Tag: Lost

Shannon reviews Labyrinth Lost by Zoraida Cordova – The Lesbrary

Susan reviews The Lady’s Guide to Celestial Mechanics by Olivia

Labyrinth Lost by Zoraida Cordova

Labyrinth Lost is the first book in Zoraida Cordova’s captivating young adult series entitled Brooklyn Brujas, and it’s one I didn’t expect to fall head over heals for. In 2019, I picked the book up, but couldn’t seem to concentrate on the story. I eventually put it down, deciding it just wasn’t the book for me at that particular point in time. I went on and read other things until the fall of 2020, when I decided to give it another chance. The second time really was the charm, because the story grabbed me right from the start, and I ended up flying through the book in a little over twenty-four hours.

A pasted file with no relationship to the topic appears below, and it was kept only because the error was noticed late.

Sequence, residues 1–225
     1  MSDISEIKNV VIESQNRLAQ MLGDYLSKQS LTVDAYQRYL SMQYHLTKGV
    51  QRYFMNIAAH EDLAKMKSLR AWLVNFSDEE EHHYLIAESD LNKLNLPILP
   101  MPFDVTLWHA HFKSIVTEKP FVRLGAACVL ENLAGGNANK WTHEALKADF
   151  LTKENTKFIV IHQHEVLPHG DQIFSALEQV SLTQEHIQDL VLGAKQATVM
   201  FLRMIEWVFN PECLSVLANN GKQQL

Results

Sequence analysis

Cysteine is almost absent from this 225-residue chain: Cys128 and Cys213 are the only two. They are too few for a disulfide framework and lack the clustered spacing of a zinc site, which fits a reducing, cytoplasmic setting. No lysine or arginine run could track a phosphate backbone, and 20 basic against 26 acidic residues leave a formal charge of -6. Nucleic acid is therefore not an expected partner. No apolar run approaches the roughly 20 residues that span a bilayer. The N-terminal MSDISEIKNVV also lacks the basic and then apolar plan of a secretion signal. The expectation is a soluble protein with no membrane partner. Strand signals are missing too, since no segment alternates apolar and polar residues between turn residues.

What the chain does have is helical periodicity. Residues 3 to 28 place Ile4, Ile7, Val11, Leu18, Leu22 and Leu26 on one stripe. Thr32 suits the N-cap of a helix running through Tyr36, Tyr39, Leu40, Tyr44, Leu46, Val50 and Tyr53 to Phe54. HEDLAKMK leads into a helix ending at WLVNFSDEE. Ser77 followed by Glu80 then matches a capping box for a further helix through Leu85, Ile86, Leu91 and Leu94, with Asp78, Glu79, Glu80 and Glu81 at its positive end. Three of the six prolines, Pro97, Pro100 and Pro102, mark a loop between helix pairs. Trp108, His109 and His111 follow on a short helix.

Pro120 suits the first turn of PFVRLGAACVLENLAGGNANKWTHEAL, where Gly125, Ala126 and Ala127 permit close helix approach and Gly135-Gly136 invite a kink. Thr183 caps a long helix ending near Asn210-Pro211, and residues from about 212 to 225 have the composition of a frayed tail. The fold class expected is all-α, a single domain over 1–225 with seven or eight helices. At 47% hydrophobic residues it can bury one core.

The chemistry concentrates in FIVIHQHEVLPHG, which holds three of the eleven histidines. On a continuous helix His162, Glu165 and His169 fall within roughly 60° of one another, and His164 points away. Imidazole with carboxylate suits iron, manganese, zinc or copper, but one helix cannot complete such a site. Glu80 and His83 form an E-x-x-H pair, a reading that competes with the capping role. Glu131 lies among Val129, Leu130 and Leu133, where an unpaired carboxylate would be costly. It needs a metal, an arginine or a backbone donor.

Alex can’t think of anything she dislikes as much as she dislikes magic. To her, it’s at the root of all of her family’s problems, and no matter how often her mother and older sister remind her of the honor that goes along with being a bruja, Alex just wants to get rid of her powers and live a normal life.

She thinks her Deathday celebration is the perfect opportunity to decline her magical abilities once and for all. True, most brujas look forward to their Deathdays, reuniting with deceased ancestors and honoring the deities who gifted them their powers, but Alex has a totally different plan. Instead of acknowledging and being grateful for her magical gifts, Alex plans to work a powerful spell to banish magic from her life forever.

As I’m sure you can imagine, things don’t go quite the way Alex anticipated. Suddenly, her family has disappeared seemingly into thin air, leaving Alex alone with Nova, a mysterious Brujo she’s not sure she can trust. He’s been kind to her in the past, but that doesn’t mean he’s the right person to help her reverse the harm she’s done. Still, she’s desperate to rescue her family from what has befallen them, and when Nova tells her he knows how to free them, she reluctantly joins forces with him and embarks on a quest that will change her in ways she never could have imagined.